research hypotheses 10, 11, 13, 21, 27, ‘what to investigate’ stage 33, 34,
34, 36, 39, 40, 42 –44, 108 37– 44, 49
definitions of terms in 44 research questions 10, 11, 13, 21, 23,
desirable attributes of 43 –44 34, 36, 39 – 41, 104, 108
inductive/deductive approaches to desirable attributes of 40 –41
42 importance of 40
260 Measuring Livelihoods and Environmental Dependence

and research hypotheses 42 rice production/market 115, 116, 119,


in research proposal 34, 36, 39 – 41, 135
44, 45, 48 RRT (Randomized Response
and sampling 51, 53, 68 Technique) 184
research results rural economies 12, 131– 133
and confidentiality 29, 30, 31 market imperfections in 132
presentation/communication of
see communication of research Samet, J. M. 241
results sample frame 52, 56, 67
unexpected outcomes of 29 – 30, 31 two-dimensional 60
resource endowments 71, 76, 79 – 80 sample size determination 51, 54, 55,
respect/empathy 151–152, 174 62 –64
respondent learning 183–185 formal/informal approaches to 62,
avoiding/minimizing 185 63
respondents methods 62, 63 – 64
bias 180–186 power analysis in 63
and bounded knowledge 186–187 in quantitative research 62 –63
choice of 180 United Nations formulae 63– 64
and confidentiality 29, 30, 31, 121, sampling 3, 7 –8, 11, 45 – 46, 51– 69,
181 103
fatigue 186 concerns/challenges with 64 –67
gifts/payment for 154 defining target population/sample
interests of 25 – 27, 175 53– 56, 67, 68, 180
misreading of questions by design stages 55 –56
185–186 documentation of methods 67
pre-research consultation of 30 errors 52, 54 –55, 56, 60
relationship with researcher 9, and external impacts 65– 67
12 –13, 20, 27, 142, 150, household differences in 55
151–155 and household refusals/drop outs
reporting back to 154– 155 64, 65, 67
strategic answering by see strategic key messages for 68
answering non-probability methods see non-
and systematic measurement errors probability sampling methods
180–186 overcoverage/undercoverage in 56,
and trust 20, 79, 150, 152, 156 67
vague/imprecise responses by 185 probability methods see probability
willingness to participate 153, 188 sampling methods
restitution 154–155 published guidance on 68– 69
Ribot, J. C. 102 randomized 64, 65, 66
Index 261

representative 7, 8 selection bias 52, 65


and research questions/hypotheses self-reported values 140, 141, 142
51, 53, 68 sensitive information 29, 31, 110,
size of see sample size determination 149–151, 165, 175
strategy 51, 52, 108 approaches to 184
study area selection 55 – 56, 58 Sequeira, Vanessa Annabel Schäffer
terminology 51 150
theoretical/practical concerns in 51, shadow prices 132, 133, 138
52 Shankland, A. 228
village norms and 64 Shively, G. E. 66, 102
scale issues 91– 92 shocks see vulnerability
scatterplots 213– 214 simple random sampling 58 – 59
schools 79, 81, 94 Singh, I. 41
scientific papers 14, 227, 232– 242 site selection 45, 55 –56, 58
abstract/summary 234 SLF (Sustainable Livelihoods
acknowledgements in 241 Framework) 12, 41 – 42, 73– 75
background and rationale/literature benifits of 85
review 235 dynamics of 74
conclusions/recommendations financial capital in 74, 81 –82
section 241 five capitals of 74, 109
description of methods in 236– 237 historical trends in 75
discussion section 240 human capital in 74, 81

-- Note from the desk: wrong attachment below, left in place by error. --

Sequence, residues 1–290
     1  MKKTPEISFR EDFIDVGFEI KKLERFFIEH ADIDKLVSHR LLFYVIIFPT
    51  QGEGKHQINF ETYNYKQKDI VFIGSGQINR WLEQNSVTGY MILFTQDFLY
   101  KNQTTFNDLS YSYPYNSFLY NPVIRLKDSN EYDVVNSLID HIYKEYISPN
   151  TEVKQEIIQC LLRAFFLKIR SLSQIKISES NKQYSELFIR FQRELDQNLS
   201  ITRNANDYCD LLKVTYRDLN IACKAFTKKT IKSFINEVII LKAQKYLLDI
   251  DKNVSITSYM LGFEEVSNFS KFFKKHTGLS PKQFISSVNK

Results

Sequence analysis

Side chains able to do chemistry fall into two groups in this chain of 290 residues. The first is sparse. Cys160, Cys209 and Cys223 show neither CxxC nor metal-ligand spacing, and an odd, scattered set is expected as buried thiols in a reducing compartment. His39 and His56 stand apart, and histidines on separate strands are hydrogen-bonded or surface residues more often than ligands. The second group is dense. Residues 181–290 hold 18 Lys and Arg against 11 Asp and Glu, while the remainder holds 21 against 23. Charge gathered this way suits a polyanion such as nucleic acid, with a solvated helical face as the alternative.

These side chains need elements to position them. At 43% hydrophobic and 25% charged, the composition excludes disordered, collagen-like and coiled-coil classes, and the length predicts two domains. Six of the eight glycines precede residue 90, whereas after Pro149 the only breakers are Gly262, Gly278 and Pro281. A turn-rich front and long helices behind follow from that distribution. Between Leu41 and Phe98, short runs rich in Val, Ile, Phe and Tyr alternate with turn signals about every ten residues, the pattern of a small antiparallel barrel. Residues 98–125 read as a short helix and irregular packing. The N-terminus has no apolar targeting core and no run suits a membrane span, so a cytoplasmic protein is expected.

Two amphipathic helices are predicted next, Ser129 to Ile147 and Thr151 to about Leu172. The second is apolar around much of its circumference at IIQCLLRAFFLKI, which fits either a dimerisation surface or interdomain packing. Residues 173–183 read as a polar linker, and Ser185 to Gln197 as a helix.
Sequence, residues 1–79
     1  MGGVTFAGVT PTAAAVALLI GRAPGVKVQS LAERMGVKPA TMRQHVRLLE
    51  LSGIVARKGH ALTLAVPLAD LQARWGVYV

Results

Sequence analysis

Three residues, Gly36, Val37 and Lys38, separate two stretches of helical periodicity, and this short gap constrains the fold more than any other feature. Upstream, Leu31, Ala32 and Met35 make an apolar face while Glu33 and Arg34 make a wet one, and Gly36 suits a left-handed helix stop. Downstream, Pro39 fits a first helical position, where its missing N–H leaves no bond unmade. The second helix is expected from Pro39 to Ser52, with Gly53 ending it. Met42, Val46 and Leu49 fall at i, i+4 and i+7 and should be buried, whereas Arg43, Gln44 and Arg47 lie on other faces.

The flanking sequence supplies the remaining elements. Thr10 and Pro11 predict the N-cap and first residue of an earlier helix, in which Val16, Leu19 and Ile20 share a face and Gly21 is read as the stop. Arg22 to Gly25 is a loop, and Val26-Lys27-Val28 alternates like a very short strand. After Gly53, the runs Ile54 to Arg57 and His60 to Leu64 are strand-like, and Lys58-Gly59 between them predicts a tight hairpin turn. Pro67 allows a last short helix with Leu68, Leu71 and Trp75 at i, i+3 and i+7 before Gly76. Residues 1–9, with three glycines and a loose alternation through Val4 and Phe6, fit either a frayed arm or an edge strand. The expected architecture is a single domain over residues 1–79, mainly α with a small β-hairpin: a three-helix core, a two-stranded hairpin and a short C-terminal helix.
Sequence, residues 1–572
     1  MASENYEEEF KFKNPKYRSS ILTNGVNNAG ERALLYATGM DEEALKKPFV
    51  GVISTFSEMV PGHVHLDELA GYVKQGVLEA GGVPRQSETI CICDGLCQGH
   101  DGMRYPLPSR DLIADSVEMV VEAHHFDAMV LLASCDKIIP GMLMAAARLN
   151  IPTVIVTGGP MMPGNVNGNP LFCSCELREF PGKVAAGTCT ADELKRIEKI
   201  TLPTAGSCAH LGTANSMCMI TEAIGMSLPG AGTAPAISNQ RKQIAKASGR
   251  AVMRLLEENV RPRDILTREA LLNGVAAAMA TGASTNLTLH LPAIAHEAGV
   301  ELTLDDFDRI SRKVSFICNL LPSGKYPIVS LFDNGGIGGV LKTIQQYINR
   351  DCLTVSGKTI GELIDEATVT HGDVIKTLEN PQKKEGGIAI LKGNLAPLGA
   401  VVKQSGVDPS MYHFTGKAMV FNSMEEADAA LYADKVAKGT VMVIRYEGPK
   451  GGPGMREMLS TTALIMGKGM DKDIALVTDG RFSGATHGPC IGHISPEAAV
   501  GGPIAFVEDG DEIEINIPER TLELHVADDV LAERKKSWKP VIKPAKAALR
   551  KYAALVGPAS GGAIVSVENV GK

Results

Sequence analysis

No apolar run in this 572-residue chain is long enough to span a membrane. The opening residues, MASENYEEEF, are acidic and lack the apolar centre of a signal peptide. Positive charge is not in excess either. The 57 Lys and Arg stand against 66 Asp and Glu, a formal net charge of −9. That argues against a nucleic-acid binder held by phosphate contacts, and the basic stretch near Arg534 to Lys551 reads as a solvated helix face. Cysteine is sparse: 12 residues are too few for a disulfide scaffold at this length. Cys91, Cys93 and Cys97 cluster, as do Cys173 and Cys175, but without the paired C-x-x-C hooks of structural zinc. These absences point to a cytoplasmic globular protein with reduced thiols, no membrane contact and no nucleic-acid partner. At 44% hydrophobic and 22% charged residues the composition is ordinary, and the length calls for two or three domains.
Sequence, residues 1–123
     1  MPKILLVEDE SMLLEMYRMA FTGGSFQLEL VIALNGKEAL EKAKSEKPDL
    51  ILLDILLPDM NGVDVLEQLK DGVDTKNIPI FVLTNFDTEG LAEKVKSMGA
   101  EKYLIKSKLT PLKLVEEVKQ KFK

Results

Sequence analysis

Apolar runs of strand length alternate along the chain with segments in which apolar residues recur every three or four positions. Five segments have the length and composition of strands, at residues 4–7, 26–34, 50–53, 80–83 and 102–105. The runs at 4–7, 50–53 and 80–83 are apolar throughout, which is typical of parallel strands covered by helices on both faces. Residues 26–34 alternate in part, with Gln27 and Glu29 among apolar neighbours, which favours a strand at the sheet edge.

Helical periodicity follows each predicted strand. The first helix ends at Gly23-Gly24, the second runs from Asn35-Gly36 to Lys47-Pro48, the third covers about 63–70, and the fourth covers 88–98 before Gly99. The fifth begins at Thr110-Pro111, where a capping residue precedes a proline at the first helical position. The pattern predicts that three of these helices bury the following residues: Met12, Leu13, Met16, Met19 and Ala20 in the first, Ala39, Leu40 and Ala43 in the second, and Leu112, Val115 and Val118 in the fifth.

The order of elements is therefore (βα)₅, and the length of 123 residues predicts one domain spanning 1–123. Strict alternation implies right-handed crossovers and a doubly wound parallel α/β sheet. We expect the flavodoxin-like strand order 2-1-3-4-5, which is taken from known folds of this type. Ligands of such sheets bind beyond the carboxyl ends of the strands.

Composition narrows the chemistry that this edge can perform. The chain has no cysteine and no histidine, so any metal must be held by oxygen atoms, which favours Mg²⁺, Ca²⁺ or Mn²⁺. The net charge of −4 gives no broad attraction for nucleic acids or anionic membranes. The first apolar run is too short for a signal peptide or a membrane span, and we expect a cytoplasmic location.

feedback on/revision of 242–244 natural capital in see natural capital
and intended audience 228 overlooked factors included in 75
introduction 234–235 physical capital in 74, 79
overview of elements in 233 social capital in 74, 79 –81
peer review of 228, 229, 232– 233, vulnerability context in 72, 73, 75,
242–244 83– 84
problem statement 235–236 Smith, Adam 130
published guidance on 228, 240, snowball sampling 57, 61
243–244 social capital 74, 79– 81, 92, 163
publishing 228, 242–244 bonding/bridging 110– 111
purpose/objectives statement 236 Venn diagrams of 80 –81
results, presentation of 237–240 social scientific approach 27
titles 233– 234 social values 131, 188
writing style 228, 241– 242 South Africa 78, 79 –80
seasonal calendars 84, 94 Spilsbury, M. J. 231
seasonal variations 6, 84, 99, 114– 115 split sample multivariate analysis 103
secondary data 95 spreadsheets 200– 201
262 Measuring Livelihoods and Environmental Dependence

Sri Lanka 136 Tobit procedure 222


staged sampling 60 traditional knowledge 29
standardization 187 training/skills 2, 9, 23, 152
Stata (data management software) 192, questionnaire question on 81, 111
204, 205 social scientific approach to 27
statistical analysis 92, 210 transfer rights 109–110
statistical confidence 214–215 translation of data 12, 108, 122
strategic answering 13, 135, 141– 142, transparency 13, 117, 153– 154
175, 180–183 trend lines 77 – 78, 84
avoiding 182 see also historical trends
three categories of 180– 181 Treue, T. 83
stratified sampling 59, 60 triangulation 20, 96, 101, 104, 142,
sub-populations 103, 104 173, 176, 182, 183, 188
Sustainable Livelihoods Framework Trochim, W. M. K. 36– 37
see SLF trust 20, 79, 150, 152, 156, 164, 182
systematic measurement errors Tufte, E. R. 240
176–188 two-dimensional sampling 60
and bounded knowledge 186–187
and choice of respondent 180 Uganda 61, 100–101, 103, 214, 221
and enumerator fatigue 179 United Nations (UN) 63– 64
and integrity of enumerators urban markets 131–132, 133, 138
178–179 use rights 109– 110
perceptions/understandings of key
terms 187 validity 36 – 37, 89, 116, 117– 118,
and personal characteristics of 125
enumerator 177–178 construct 12, 37, 46, 108, 111, 114,